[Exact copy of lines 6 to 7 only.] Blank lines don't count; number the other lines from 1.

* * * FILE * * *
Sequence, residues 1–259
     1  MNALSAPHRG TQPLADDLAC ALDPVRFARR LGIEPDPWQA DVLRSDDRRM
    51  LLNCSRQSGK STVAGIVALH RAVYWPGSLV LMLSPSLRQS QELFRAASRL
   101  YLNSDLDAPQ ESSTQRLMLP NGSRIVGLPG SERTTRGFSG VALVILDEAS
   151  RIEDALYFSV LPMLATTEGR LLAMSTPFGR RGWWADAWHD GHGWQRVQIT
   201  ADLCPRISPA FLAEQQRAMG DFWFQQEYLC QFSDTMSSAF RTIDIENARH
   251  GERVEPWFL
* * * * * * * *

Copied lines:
   201  ADLCPRISPA FLAEQQRAMG DFWFQQEYLC QFSDTMSSAF RTIDIENARH
   251  GERVEPWFL